Richard Gizbert, presenter of Al Jazeera English programme The Listening Post, last night gave a personal insight into the barriers that were placed in the Qatar-based news channel’s way by the Western establishment.
Speaking at the CIPR's Maggie Nally Memorial Lecture, which was held at the Houses of Parliament, he said the channel faced real challenges from the get go.
Its mission, as the first English speaking news channel based in the Arab world was to offer a counter to the Anglo American world view. But in the aftermath of 9/11, the channel, owned by the Qatari Royal Family, was seen as a threat by policy makers.
"One would have thought that there would be an appetite for a new perspective," said Gizbert, "but we were facing a mass of operational challenges because the leader of the free world, George W. Bush, was calling Al Jazeera, ‘Bin Laden TV’, and saying we were working with terrorists.
"Domald Rumsfield, for example, famously said our (Arabic Speaking) coverage of Fallujah was 'lies, over and over and over again.'
"It was very difficult environment to start a news channel in, even getting cable access in the United States was a huge problem, and remains one today."
In fact, the Channel is still famed for its lack of penetration of the US market - it is only available on one Satellite service and a handful of cable stations, according to Wikipedia. Meanwhile, in Canada, the station was effectively banned because of its perceived anti-Israeli stance.
However, the channel's reception in the UK was difficult too.
"Even finding property in London," said Gizbert, "in which to establish a bureau was very difficult. We got down to serious negotiations with four different landlords only for mysterious problems to occur just before we signed leases, like other tenants were worried about security.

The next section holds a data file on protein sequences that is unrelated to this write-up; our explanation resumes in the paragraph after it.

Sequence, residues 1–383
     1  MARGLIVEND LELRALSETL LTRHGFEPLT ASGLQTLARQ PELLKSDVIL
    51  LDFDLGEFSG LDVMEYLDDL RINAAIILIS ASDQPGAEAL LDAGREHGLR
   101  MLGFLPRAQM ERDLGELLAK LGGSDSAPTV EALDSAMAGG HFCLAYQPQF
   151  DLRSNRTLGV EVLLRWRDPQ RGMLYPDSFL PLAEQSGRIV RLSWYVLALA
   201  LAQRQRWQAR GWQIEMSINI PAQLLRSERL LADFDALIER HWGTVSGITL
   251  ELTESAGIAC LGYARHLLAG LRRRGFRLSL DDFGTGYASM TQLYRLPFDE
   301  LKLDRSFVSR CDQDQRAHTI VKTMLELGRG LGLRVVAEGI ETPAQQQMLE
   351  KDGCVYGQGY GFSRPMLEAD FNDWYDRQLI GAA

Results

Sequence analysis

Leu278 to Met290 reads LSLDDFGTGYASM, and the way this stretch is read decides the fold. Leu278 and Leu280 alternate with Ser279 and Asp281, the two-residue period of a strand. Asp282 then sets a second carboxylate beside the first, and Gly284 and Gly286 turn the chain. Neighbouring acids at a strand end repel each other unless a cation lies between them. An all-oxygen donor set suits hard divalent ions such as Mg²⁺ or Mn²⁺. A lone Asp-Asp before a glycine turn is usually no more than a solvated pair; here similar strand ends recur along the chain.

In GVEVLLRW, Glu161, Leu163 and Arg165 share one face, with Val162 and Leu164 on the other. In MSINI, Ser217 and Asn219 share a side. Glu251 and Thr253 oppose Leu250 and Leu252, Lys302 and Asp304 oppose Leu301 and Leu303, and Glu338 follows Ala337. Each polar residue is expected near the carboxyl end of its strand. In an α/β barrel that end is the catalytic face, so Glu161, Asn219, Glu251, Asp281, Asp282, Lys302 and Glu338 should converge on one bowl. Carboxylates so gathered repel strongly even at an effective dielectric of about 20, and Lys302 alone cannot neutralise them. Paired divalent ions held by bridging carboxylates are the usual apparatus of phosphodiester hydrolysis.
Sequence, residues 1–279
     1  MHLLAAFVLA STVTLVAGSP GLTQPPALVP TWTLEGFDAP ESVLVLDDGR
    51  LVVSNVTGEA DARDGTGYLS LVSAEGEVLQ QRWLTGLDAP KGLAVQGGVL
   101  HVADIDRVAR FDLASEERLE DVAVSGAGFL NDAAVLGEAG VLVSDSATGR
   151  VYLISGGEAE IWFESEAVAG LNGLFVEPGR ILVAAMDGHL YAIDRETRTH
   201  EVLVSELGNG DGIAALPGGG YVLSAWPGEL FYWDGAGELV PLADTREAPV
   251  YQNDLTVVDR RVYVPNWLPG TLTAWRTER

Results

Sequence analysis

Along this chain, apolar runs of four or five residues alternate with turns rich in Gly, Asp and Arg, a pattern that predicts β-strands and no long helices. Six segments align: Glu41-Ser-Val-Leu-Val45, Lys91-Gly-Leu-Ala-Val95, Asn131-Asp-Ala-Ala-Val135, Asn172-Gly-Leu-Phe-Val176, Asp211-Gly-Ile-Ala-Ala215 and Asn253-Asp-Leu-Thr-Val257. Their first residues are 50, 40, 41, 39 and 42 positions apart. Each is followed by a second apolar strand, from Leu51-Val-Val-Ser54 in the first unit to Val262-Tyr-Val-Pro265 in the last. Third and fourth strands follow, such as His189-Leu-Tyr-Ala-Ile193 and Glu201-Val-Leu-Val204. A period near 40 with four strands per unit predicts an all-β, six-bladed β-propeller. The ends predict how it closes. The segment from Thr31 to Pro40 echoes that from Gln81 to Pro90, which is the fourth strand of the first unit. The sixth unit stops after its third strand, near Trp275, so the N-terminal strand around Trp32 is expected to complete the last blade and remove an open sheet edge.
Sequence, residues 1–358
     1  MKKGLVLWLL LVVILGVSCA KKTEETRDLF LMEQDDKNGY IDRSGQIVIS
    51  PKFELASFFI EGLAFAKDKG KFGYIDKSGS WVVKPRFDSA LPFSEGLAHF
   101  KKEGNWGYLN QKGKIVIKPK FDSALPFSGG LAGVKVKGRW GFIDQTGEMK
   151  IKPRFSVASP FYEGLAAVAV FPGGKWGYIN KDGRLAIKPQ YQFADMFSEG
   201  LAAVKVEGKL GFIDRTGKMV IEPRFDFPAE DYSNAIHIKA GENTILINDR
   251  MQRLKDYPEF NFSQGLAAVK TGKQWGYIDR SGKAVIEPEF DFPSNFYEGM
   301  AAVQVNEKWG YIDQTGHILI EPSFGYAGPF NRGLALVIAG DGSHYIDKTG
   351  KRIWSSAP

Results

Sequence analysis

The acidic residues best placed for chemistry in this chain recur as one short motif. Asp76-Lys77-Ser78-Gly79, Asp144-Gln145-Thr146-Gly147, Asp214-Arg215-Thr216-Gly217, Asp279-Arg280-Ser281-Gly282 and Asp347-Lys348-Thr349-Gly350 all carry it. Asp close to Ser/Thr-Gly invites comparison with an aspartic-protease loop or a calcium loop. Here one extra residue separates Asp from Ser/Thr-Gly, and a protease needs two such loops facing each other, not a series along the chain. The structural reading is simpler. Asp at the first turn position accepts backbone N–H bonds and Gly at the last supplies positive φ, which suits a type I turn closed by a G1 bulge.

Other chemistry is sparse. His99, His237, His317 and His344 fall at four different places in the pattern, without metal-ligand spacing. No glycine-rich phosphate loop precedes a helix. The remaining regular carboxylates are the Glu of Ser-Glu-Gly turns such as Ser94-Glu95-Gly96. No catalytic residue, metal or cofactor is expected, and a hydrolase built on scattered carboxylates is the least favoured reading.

"The thing I could not figure out about that, even if we were ‘Bin Laden TV’ and they were worried about London being bombed, wouldn't they be safer with us in the building?"
Gizbert, a Canadian, built a reputation in the US working with ABC, where he travelled to a number of war zones. However, he was sacked in 2004 for refusing to travel to Iraq on the grounds he then had a young family. However, he said Al Jazeera meant unexpected risks for some of its journalists.
The US 'accidentally' bombed the Al Jazeera base in Iraq, killing one journalist despite requesting the coordinates of the office in advance, apparently to avoid such a mishap.
"The English speaking world," said Gizbert, "were being told by its leaders that we were the bad guys, not through anything we had done - we had not even been on air at that point - but we were suffering from the reputation that had been earned by Al Jazeeera Arabic - which up to 9/11 they US thought was a good idea.
"And what I found funny about that was our relationship with Al-Qeada was not unlike the relationship the IRA had with the BBC. Al-Qeada was using Al Jazeera to get their message out to their target audience in the same way the IRA used the BBC to get its message to the British mainland. And nobody called the BBC ‘IRA TV’."
The depth of the hostility became fully apparent when US cabinet papers were published.
Gizbert said they showed that "President Bush, along with Tony Blair, actually considered bombing the Al Jazeera head office in Qatar, which was odd when one considers the American airforce base, from which it conducted the Iraq war, is also in Qatar, around 18 seconds flight time away."
However, one market which seemed oddly tolerant was Israel. Said Gizbert, "Curiously, the main cable operators in Israel were taking Al Jazeera. So the Israelis were happily watching a channel which the Americans and Canadians were not showing in order to protect Israel.
"But the Israelis accepted Al Jazeera, they did not like us, but they never banned us. The countries that banned us at one time or other included Jordan, Egypt, Bahrain - but the Israelis put up with us.
"They are a robust democracy with a robust press. They are the only government in the region that has to put up with all the inconveniences of democracy like elections, press conferences and forming coalitions.
"I think they got tired of doing this when they looked around and saw that every other Government in the region would just rule by decree.
"Although they saw us as an irritant they understood that as far as their neighbours were concerned Al Jazeera was an existential threat, which of course brings us to the Arab revolutions."
Pointing out that the Arab Spring possibly would not have been possible without Al Jazeera, Gizbert adds, "The Israelis were smart."